Oh, my friends, the trial I’ve been sitting on for the past month is finally over. If you are not an American, our justice system probably seems weird and opaque to you. It often seems that way to me and I am an American.
The trial for which I was on the jury was one of several that arose from a giant crackdown on immigration fraud in New York. The FBI closed a number of firms and at least thirty people ended up being charged with immigration fraud and conspiracy to commit immigration fraud. Our trial was for three of them: Feng Ling Liu, Vanessa Bandrich, and Rachel Yang.
There are several things to read about the case if you’re interested in such things:
- The original FBI press release
- March 14 update from the FBI saying, in part:
“To date, 30 defendants have been charged with participating in nine separate but overlapping immigration fraud schemes in New York City, including eight lawyers. Twenty-five of these defendants have been convicted for their roles in these schemes.”
- A piece from the NY Times describing the process of getting asylum, especially faked asylum, along with some of the people involved
- A piece from a local Chinatown newspaper (which says all 26 are lawyers, which they are not, but is otherwise mostly correct)
- The actual indictment that led to the trial I sat on the jury for (apparently at some point after that indictment, they split the defendants up since we only had three).
You might think, reading these stories and this information that the case was straightfoward. It was not.
We had three separate defendants, two of whom were lawyers. Each of the defendants had lawyers. There were three AUSAs (Assistant U.S. Attorneys). There was endless testimony, but most of it came from people who were working under cooperation agreements with the government in the hope of getting a better deal…meaning that they were all criminals themselves.
This led to a lot of credibility questions. A lot of credibility questions. In fact, we ended up discounting certain witness testimony entirely. They don’t show you that on TV.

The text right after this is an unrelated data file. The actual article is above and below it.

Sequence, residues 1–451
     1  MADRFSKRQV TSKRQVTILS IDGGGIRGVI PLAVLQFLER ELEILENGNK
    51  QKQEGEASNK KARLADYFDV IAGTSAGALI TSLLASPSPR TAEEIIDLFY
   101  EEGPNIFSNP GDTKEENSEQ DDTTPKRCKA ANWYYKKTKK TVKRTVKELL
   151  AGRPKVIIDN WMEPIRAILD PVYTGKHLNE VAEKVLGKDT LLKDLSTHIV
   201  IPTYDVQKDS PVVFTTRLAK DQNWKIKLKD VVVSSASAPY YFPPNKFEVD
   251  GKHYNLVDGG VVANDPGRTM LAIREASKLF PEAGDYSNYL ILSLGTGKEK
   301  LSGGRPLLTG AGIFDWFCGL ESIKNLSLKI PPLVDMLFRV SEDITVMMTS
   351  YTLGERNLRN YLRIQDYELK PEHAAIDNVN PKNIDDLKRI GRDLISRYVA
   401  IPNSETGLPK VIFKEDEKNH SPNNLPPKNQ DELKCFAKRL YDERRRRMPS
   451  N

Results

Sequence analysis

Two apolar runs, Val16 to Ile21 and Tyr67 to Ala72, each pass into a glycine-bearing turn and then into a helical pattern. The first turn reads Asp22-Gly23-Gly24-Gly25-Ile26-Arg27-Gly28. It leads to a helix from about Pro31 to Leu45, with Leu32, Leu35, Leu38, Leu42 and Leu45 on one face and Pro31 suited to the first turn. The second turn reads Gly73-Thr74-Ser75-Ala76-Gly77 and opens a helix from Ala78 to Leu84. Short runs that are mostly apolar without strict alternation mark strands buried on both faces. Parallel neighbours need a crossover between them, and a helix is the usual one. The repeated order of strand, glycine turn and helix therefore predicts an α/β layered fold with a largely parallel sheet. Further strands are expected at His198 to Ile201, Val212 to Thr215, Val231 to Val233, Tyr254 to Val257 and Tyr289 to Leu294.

And then there’s the question of “reasonable doubt.” Just what is reasonable? How far down the rabbit hole do you have to go trying to prove someone isn’t guilty before it’s unreasonable? If someone deliberately puts on blinders so they can’t see that they’re part of a criminal enterprise, does that excuse them? Do you believe the blinders are big enough that they really don’t know what’s going on, or do you think they’re posing as someone who doesn’t know?
Also, our case wasn’t a case of fraud per se, it was a case of conspiracy to commit fraud. That’s different. The requirements are different. And while I wouldn’t consider one of our defendants guilty of fraud, there’s no doubt in my mind that under the law she is guilty of conspiracy to commit fraud. And that hurts, because I really, really hope in sentencing that she gets a big old break. (I thinks she will–looking at some of the other cases already through sentencing, etc, I think she’ll be okay.)
After a three week trial, we started deliberations on Friday. One defendant was easy–the evidence was overwhelming. The second defendant we discussed was damned near impossible. There were tears. There was yelling. There were fingers pointed and fingers wagged. So we tabled her and moved on. For the third defendant there were more tears, but the evidence was conclusive and so, given the law, there was no way around the verdict.
But at the end of the day on Friday, we still hadn’t made any decision about defendant #2. Was she a dupe? How big were her blinders? What kind of role did she play?
The weekend break was necessary for all of us. Emotions were running very, very high at the end of Friday, but by the time we came back today, we were all calmer and readier to get back to work. We sifted through all the evidence we had, including plenty of things that didn’t get touched on in the trial itself. They’d sent us recordings and transcripts that we’d covered only partially in the courtroom, but we listened to them all. We read them all. We read the definition of conspiracy over and over and over. And we decided.
It was not easy. It shouldn’t be easy. You are making decisions about someone else’s life, which is why you have to be sure in your heart as well as in your mind that you are making the right decision.
I wouldn’t want to do it again, but now that it’s over, I’m glad I did.